Muslim-majority countries are considered vital to any operation to prevent the militants from gaining more territory in Iraq and Syria. Western officials have made clear they consider Syrian President Bashar Assad part of the problem, and U.S. officials opposed France’s attempt to invite Iran, a Shiite nation, to the conference in Paris.

Iranian Supreme leader Ayatollah Ali Khamenei, speaking on Iranian state television, said his government privately refused American requests for cooperation against the Islamic State group, warning that another U.S. incursion would result “in the same problems they faced in Iraq in the past 10 years.”

But Kerry said the U.S. and Iran have discussed whether there was any way they could work together against IS. “I’m just going to hold open the possibility always of having a discussion that has the possibility of being constructive,” Kerry said.

A French intelligence official, speaking on condition of anonymity, last week told The Associated Press that “it would please a certain number of countries for Iran to step in to establish order” in Syria. He said that was the view of some Western powers.

Russian Foreign Minister Sergei Lavrov insisted that Syria and Iran are “natural allies” in the fight against the extremists, and therefore must be engaged, according to Russian news agencies.

“The extremists are trying to use any disagreements in our positions to tear apart the united front of states acting against them,” he said.

Iraq’s President, who has said he regretted Iran’s absence, appeared ambivalent about Arab participation, saying his country needed the support of its neighbors — but not necessarily their fighter jets or soldiers.

Gulf states, particularly Saudi Arabia and the United Arab Emirates, have some of the region’s best-equipped militaries, and they could theoretically provide air support to a broader international coalition. U.S. officials say the Emirates and Egypt were behind airstrikes against Islamic-backed militants in Libya last month.

Asked about those countries in an AP interview, Massoum said: “It is not necessary that they participate in air strikes; what is important is that they participate in the decisions of this conference.”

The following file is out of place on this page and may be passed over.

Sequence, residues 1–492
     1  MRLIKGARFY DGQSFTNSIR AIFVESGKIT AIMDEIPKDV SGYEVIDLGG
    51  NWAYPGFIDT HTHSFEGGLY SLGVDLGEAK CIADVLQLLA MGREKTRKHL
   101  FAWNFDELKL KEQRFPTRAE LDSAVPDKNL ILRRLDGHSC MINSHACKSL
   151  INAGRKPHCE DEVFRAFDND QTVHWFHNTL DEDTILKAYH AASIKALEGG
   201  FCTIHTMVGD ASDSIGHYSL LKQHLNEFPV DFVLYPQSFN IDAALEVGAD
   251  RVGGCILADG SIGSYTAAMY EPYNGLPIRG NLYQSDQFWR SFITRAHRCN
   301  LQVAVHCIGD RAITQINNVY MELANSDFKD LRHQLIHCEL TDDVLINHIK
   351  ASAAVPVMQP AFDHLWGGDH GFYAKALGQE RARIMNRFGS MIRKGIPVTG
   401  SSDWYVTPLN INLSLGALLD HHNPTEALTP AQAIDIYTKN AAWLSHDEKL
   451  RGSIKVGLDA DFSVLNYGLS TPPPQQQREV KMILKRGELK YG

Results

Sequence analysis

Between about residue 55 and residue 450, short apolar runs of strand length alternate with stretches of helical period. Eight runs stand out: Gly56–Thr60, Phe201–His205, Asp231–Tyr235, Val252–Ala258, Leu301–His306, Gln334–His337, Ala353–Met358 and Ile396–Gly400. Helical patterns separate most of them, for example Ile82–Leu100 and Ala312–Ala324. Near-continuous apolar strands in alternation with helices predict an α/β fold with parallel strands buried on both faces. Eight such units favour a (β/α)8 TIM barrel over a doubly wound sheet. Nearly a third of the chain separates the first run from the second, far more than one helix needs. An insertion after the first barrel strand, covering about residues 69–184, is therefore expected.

Speaking in his first interview since becoming Iraqi Prime Minister, Haider al-Abadi told state-run al-Iraqiyya in comments aired Sept. 14 that he had given his approval to France to use Iraqi airspace and said all such authorizations would have to come from Baghdad.

Two French fighter planes carried out France’s first reconnaissance missions over Iraq on Sept. 15, allowing for the collection of digital images and video at high-speeds, the French Defense Ministry said in a statement. It said similar missions could continue in the coming days.

“This was about French military forces acquiring intelligence about the terrorist group Daesh (Islamic State) and to reinforce our ability to carry out an independent analysis of the situation,” the statement said.

British Prime Minister David Cameron said his country would continue offering logistical help to U.S. forces and that counterterrorism efforts will increase, describing the Islamic State group as a “massive” security threat. NATO secretary general Anders Fogh Rasmussen said the threat goes beyond just the recent killings.

“This group poses even more of a danger as it risks exporting terrorists to our countries,” he said in his outgoing speech as NATO’s top civilian official. “It also controls energy assets. And it is pouring oil on the fire of sectarianism already burning across the Middle East and North Africa.”

___

By Lori Hinnant and Lara Jakes. AP writers Jamey Keaten, Sylvie Corbet and Angela Charlton in Paris, Ali Akbar Dareini in Tehran, and John Thor-Dahlberg in Brussels contributed to this report

The post US-Iran Team vs. ISIS? appeared first on The National Herald.

Source: The National Herald